WIRELESS TECHNOLOGY PROSPECTS AND POLICY OPTIONS

Committee on Wireless Technology Prospects and Policy Options

Computer Science and Telecommunications Board

Division on Engineering and Physical Sciences

NATIONAL RESEARCH COUNCIL
OF THE NATIONAL ACADEMIES

THE NATIONAL ACADEMIES PRESS

Washington, D.C.
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WIRELESS TECHNOLOGY PROSPECTS AND POLICY OPTIONS Committee on Wireless Technology Prospects and Policy Options Computer Science and Telecommunications Board Division on Engineering and Physical Sciences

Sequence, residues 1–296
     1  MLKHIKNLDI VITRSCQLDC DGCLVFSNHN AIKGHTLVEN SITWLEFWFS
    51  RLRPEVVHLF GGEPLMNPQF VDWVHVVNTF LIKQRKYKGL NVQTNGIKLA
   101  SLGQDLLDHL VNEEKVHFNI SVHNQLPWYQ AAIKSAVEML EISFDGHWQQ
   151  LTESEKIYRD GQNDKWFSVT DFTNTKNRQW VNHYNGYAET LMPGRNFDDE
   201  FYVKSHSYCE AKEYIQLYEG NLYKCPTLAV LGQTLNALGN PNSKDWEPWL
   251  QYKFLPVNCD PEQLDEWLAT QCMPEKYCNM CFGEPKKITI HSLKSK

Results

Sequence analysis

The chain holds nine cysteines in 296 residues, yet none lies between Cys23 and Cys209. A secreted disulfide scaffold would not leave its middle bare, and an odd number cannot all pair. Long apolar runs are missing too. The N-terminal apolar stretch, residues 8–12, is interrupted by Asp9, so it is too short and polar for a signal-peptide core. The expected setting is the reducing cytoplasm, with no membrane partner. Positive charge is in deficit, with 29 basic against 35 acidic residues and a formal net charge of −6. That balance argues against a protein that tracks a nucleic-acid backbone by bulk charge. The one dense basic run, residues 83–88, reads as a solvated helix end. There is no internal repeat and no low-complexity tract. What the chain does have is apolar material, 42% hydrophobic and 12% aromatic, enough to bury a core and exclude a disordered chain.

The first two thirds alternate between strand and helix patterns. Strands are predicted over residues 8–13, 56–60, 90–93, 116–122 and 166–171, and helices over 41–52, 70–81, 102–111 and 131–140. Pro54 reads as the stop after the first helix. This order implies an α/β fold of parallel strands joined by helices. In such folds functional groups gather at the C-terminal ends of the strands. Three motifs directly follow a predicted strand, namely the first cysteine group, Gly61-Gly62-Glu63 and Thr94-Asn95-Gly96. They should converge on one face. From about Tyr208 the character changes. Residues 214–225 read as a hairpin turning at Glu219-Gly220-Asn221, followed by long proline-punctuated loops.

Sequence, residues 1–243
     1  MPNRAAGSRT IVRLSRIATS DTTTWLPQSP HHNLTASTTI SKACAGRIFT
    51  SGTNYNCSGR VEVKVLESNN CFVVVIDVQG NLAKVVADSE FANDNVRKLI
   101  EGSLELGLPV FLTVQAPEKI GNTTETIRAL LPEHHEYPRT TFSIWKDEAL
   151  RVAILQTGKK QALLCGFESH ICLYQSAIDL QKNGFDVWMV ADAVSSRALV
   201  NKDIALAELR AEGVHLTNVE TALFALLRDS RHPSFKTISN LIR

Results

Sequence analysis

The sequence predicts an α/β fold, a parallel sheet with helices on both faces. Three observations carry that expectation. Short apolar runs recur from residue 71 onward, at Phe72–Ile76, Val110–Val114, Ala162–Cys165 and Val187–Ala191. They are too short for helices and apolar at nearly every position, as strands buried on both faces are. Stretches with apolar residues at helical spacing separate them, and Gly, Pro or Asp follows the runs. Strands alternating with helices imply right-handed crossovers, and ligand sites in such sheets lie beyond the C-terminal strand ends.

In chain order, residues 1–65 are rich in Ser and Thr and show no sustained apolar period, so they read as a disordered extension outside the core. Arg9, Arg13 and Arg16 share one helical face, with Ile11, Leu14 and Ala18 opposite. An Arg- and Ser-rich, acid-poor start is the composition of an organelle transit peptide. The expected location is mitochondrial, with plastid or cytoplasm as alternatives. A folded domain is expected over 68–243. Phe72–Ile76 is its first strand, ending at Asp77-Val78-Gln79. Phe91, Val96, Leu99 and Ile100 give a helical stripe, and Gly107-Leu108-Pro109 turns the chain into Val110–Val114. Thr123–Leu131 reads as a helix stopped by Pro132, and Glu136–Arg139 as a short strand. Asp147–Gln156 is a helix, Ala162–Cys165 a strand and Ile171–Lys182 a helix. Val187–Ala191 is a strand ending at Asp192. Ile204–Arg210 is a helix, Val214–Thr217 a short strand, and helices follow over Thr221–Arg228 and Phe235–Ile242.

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THE NATIONAL ACADEMIES PRESS 500 Fifth Street, N.W. Washington, DC 20001 NOTICE: The project that is the subject of this report was approved by the Govern­ ing Board of the National Research Council, whose members are drawn from the councils of the National Academy of Sciences, the National Academy of Engineer­ ing, and the Institute of Medicine. The members of the committee responsible for the report were chosen for their special competences and with regard for appropriate balance. Support for this project was provided by the National Science Foundation under award number CNS­0238131. Any opinions, findings, conclusions, or recom ­ mendations expressed in this publication are those of the authors and do not necessarily reflect the views of the organization that provided support for the project. International Standard Book Number­13: 978­0­309­16398­9 International Standard Book Number­10: 0­309­16398­6 Copies of this report are available from: The National Academies Press 500 Fifth Street, N.W., Lockbox 285 Washington, DC 20055 (800) 624­6242 (202) 334­3313 (in the Washington metropolitan area) Internet: http://www.nap.edu Copyright 2011 by the National Academy of Sciences. All rights reserved. Printed in the United States of America